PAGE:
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History of Early American Landscape Design

Difference between revisions of "Bowling green"

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(Created page with "==History== ==Texts== ===Usage=== ===Citations=== ==Images== <gallery></gallery> ==Notes== <references></references>")
 
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==History==
 
==History==
 +
 +
The term bowling green is derived from its
 +
frequent association with the turfed, circular
 +
space used for ball games popular in
 +
Europe and America. European garden treatises,
 +
such as A.-J. Dézallier d’Argenville’s
 +
Theory and Practice of Gardening (1712), noted
 +
that the term “bowling green” denoted several,
 +
interrelated meanings: a sunken, generally
 +
round, turfed lawn; a close-cropped
 +
playing field for bowls; and a recessed
 +
turfed area in the midst of a parterre or
 +
grove. In America before 1850, the term
 +
“bowling green” encompassed each of these
 +
three definitions, often in combination, and
 +
was applied to both public and private
 +
spaces. As a resolution by the New York
 +
Common Council in 1733 suggests, the bowling
 +
green’s ornamental and recreational
 +
functions often were inseparable. The term
 +
is complicated by the fact that lawn bowling
 +
took place on spaces other than bowling
 +
greens. For example, in 1611, Sir Thomas
 +
Dale disapproved of the bowlers’ language
 +
as they played in the streets of Jamestown,
 +
Va., and an 1826 engraving of the University
 +
of Virginia shows students bowling between
 +
the pavilions on the lawn, which was neither
 +
sunken nor circular in shape [Fig. 1].1
 +
 +
The term “bowling green” in Anglo-
 +
American culture is clearly allied to its
 +
British counterpart, but the history of bowling
 +
greens as a landscape feature in the two
 +
countries differed in large part because of
 +
the fundamentally different social structure
 +
and land-holding practices in England. For
 +
instance, in England bowling was legally
 +
restricted to private gardens by the government,
 +
which feared archery was being neglected.
 +
By the time of the Civil War in 1688
 +
“there were few gentry gardens which did
 +
not include a bowling green.”2
 +
 +
In early America, bowling was not
 +
restricted in the same way. While images of
 +
public bowling greens are relatively rare in
 +
the colonial period, descriptions indicate
 +
that public bowling greens, such as those in
 +
Williamsburg, Va., Boston, and New York
 +
contributed to the beauty of the town or city
 +
and provided a venue for social gatherings
 +
and recreation [Fig. 2]. As early as the 1670s,
 +
tavern owners in New York provided bowls,
 +
ninepins, or skittles for their customers,
 +
resulting in the Common Council’s passage
 +
in 1676 of new Sabbath laws, which declared “all and Every Wine and Rum or Beare Sellas
 +
[beer sellers] who shall permitt any Person
 +
Upon the Sabbath day to Drinke or Game In
 +
their houses Gardens or Yards Shall for ye
 +
first offense forfeict five and Twenty Guildars.”
 +
3 Bowling greens toward the end of the
 +
eighteenth century were commonly operated
 +
at taverns, hotels, and public pleasure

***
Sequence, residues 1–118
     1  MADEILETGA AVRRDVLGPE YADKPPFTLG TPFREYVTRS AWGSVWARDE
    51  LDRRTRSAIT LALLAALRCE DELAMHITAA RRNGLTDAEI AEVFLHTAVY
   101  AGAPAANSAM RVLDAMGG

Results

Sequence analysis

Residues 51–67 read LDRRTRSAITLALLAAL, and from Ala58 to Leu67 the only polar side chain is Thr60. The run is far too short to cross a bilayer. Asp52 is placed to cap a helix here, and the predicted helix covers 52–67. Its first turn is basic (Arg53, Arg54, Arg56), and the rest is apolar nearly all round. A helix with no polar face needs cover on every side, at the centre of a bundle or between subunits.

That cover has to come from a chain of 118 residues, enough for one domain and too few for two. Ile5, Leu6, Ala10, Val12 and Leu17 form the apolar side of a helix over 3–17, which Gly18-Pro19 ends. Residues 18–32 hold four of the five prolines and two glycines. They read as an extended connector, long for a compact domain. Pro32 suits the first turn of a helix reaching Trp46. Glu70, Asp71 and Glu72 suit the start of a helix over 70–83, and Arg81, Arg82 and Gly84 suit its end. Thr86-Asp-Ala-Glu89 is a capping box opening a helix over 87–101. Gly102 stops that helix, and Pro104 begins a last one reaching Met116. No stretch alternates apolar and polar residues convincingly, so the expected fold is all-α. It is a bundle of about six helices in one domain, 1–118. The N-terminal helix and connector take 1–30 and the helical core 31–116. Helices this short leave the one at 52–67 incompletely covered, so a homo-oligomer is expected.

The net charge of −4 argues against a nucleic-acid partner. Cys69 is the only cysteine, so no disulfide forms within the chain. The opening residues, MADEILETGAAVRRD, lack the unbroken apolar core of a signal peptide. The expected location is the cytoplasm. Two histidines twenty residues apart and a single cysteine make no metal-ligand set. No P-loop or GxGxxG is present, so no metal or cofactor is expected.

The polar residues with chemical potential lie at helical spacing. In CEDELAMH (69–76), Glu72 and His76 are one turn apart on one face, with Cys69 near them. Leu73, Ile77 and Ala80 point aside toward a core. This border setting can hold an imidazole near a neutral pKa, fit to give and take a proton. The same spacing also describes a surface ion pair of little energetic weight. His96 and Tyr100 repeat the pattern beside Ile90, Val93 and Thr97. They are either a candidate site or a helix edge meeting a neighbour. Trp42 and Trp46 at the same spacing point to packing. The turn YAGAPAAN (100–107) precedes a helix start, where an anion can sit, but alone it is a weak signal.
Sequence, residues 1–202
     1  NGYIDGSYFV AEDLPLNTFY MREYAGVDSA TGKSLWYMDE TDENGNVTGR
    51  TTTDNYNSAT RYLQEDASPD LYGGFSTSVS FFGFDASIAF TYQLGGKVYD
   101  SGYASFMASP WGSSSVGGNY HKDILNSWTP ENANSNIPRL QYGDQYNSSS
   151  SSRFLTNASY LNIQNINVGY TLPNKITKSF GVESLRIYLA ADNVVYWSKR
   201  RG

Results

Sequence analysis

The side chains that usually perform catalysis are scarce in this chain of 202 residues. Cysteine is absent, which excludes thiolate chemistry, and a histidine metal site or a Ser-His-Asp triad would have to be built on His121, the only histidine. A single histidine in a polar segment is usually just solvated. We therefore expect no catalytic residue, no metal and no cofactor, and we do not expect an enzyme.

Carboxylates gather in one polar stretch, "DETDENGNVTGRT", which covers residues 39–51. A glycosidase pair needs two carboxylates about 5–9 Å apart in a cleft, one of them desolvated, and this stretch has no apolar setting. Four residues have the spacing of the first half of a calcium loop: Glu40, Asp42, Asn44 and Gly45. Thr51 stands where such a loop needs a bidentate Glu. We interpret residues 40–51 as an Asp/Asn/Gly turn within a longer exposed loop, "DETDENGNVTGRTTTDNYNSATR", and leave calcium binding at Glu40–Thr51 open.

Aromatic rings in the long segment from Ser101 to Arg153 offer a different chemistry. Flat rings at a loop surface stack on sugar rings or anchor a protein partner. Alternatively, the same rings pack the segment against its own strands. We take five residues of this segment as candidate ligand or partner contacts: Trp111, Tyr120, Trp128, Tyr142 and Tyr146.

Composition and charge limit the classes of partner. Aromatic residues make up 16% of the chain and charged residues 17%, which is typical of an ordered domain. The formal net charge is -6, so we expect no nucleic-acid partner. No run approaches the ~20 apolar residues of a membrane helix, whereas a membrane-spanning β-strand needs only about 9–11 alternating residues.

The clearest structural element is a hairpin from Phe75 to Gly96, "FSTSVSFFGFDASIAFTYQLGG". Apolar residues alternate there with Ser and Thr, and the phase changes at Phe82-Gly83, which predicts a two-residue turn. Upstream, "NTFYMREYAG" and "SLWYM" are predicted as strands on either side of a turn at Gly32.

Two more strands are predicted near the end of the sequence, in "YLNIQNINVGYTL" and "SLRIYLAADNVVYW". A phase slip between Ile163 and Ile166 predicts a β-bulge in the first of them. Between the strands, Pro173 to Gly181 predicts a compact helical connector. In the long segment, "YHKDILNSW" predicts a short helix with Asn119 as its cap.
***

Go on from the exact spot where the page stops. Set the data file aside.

+
grounds as part of the growing competition
 +
for public entertainment.4 The Centre House
 +
Tavern at Centre Square in Philadelphia and
 +
Chatsworth Garden in Baltimore are two
 +
such examples. As the popularity of bowling
 +
declined in the early nineteenth century,
 +
public greens that had been used for sport
 +
often kept their names and became small
 +
enclosed parks, such as Bowling Green at
 +
the end of Broadway in New York [Fig. 3].
 +
 +
The flat, open space of a bowling green also
 +
made it ideal for other recreational purposes,
 +
such as a horse race held in Alexandria,
 +
Va., reported in 1790.
 +
 +
In private settings, as well, the bowling
 +
green combined ornament and recreation.
 +
The paucity of seventeenth- and early
 +
eighteenth-century examples of bowling
 +
greens on private estates suggests that only
 +
those col o n i sts who had subst a nt i al reso u r c e s ,
 +
such as Wi lliam By rd II and Wi lliam Middleto n ,
 +
de voted the labor and space necessary to construct
 +
the turfed greens. It has been argued
 +
t hat gente e l sports—such as lawn bowling,
 +
fencing, and riding—in developing their particular
 +
rules, modes of performance, and
 +
conventions, helped to define the colonial
 +
social structure.5 In the second half of the eighteenth century, the practice of constructing
 +
bowling greens on estates of the
 +
economic and political elite grew as more
 +
gentry had the luxury of expending their
 +
efforts on ornamental and recreational landscape
 +
features. Examples include Thomas
 +
Jefferson’s Poplar Forest in Bedford County,
 +
Va., Charles and Margaret Tilghman Carroll’s
 +
plantation, Mount Clare, in Baltimore, and
 +
George Washington’s Mount Vernon. The
 +
praise garnered by these landscape features
 +
suggests that bowling greens carried with
 +
them connotations of leisure and sophistication
 +
and that they were visible markers of
 +
their owners’ status.
 +
 +
According to visual and textual evidence,
 +
bowling greens varied in their physical form
 +
and placement within the ga rden. One exa mple
 +
of a bowling green de pic ted as a recessed
 +
a r ea can be found in Charles Varlé’s design fo r
 +
t he town ofBath, in which he included a bow ling
 +
green within a parterre at “H” [Fi g. 4].
 +
E l i za Lucas Pinckney in 1743 al so de sc r ibed
 +
t he bowling green as sunk be l ow thelevel of
 +
t he rest of the ga rden. Private bowling greens
 +
c o uld be cir cul a r, asat Mo u nt Vernon [Fi g. 5],
 +
or rectangular, as at the estate of John Penn
 +
in Philadelphia [Fig. 6], and they were generally
 +
near the house. Their flat, green swath
 +
of turf made an attractive foreground for a house and was related to the feature of
 +
lawns (see Lawn). In addition, the bowling
 +
green [Fig. 7] provided an excellent viewing
 +
platform from which to gaze over a prospect.
 +
In fact, by the second half of the eighteenth
 +
century, the term had entered the language